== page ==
Mercury brings Classical clarity to two Romantic symphonies

Sun Oct 08, 2017 at 3:21 pm
By Steven Brown

Antoine Plante conducted Mercury in music of Brahms and Mendelssohn Saturday night at Stude Concert Hall in Houston.

Here’s how far Houston’s Mercury period-instrument orchestra has evolved since its beginnings as a Baroque group: when it opened its main concert series for the season Saturday night, Mercury sidestepped the 17th and 18th centuries and planted itself squarely in the 19th.

Felix Mendelssohn’s Reformation Symphony commemorated the 500th anniversary of Martin Luther’s Protestant revolution. Mercury added a second historical angle by performing the symphony’s original version rather than the more-familiar revision. On the second half Johannes Brahms’ Symphony No. 2 continued the Brahms cycle Mercury launched last fall–following up on the survey of Beethoven symphonies the group completed in early 2016.

Like the Houston Symphony last month, Mercury performed in Rice University’s Stude Concert Hall as a Hurricane Harvey refugee. The storm knocked out Mercury’s usual home, the smaller of Wortham Theater Center’s two halls, for the entire season. Rice’s Shepherd School of Music took in the group for this and later programs.

Though it has roughly the same seating capacity as the Wortham hall, Rice’s Stude Hall is a bit more flattering acoustically–not surprisingly, perhaps, since this is a shoebox-shaped concert hall rather than a multipurpose proscenium theater.  So the new venue made a congenial setting for Mercury’s foray into the Romantic period.

Mendelssohn, a Lutheran convert, paid homage to the Reformation by building his Symphony No. 5 around two iconic samples of Lutheran music: the so-called Dresden amen, which twice interrupts agitation in the first movement, and the hymn A Mighty Fortress Is Our God, which opens the finale. Dissatisfied with symphony’s first version, Mendelssohn revised it. But he ultimately refrained from publishing either score.

The revised version eventually came to light, and joined the Mendelssohn canon. But Mercury’s artistic director, Antoine Plante, went back to the original–which Germany’s Gewandhaus Orchestra played in Houston during a 2014 tour–for Saturday’s concert.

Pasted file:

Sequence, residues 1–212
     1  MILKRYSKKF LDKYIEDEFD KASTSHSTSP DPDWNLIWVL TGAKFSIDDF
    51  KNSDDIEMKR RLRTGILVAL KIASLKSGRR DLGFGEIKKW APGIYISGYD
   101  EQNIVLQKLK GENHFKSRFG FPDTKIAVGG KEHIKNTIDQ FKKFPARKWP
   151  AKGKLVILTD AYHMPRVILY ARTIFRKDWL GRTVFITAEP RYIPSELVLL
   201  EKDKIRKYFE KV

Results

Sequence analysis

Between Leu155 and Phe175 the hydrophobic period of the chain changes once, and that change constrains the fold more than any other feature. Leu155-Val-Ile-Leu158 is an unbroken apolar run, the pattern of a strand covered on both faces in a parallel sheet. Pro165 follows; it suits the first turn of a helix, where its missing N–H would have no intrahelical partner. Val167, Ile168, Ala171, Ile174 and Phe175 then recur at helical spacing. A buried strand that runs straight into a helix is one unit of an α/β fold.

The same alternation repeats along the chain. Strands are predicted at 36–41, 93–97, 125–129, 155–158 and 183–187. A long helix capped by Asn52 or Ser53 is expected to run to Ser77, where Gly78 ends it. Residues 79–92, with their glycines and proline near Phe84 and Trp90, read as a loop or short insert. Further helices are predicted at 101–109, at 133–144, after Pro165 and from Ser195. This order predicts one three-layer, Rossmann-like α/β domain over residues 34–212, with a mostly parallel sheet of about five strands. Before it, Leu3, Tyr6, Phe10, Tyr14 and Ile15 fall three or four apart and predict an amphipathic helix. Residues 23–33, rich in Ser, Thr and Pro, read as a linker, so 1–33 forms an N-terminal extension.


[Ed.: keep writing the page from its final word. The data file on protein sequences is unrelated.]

The most dramatic difference from the better-known version comes at the end of the slow movement. The flute launches a cadenza that draws in the rest of the winds, and they join voices in a surge of fervor worthy of a choir. Pizzicato strings punctuate the outpouring. The flute steps to the fore again to introduce A Mighty Fortress, and the finale takes off.

Perhaps Mendelssohn shouldn’t have second-guessed himself; Mercury made a persuasive case for this version. Principal flutist David Ross and the rest of the winds played the long-neglected passage with a fullness that made it a stirring setup for A Mighty Fortress. Led by Plante, the Mercury players brought the symphony vigor, clarity and airiness. Maybe a dash of ferocity in the first movement’s climaxes would have made the strings’ ethereal Dresden amens more powerful. But the orchestra’s incisiveness–especially from the strings–ensured that that music’s fire came through.

The second movement moved with a dance-like spring in its step, and the Andante sang out with yearning and sweetness. After those full-throated winds heralded the final celebration, the rest of the orchestra sprung into action, propelling the symphony to a vital, ringing close.

Created almost immediately after his Symphony No. 1, Brahms’ Second Symphony and its prevailing optimism complemented its predecessor’s storminess.

Plante and Mercury brought out the music’s lyricism and gleam. In the first movement, Plante let the melodies flow, letting the shapeliness of their contours and the subtlety of their colors tell the story as the music moved between sun to shade. The orchestra was occasionally a little fuzzy during the rhythmic gearshifts that help animate Brahms’ music. But the lines always came back into focus.

The cellos spun out the Adagio’s opening theme gracefully, and the entire movement unfolded with much the same natural flow. Thanks to the lucid balancing, details that may get lost during modern-instrument performances were able to shine through–for example, euphonious byplay between the cellos and winds as they accompanied the violins.

Elegance and dash alternated in the third movement. The woodwinds’ assurance belied the treacherousness of period wind instruments–though occasional cracked notes elsewhere in the symphony were a reminder. And the orchestra balanced breeziness and brilliance as it swept through the finale. Mercury’s years devoted to 17th- and 18-century music evidently laid a secure foundation for its current burgeoning Romanticism.

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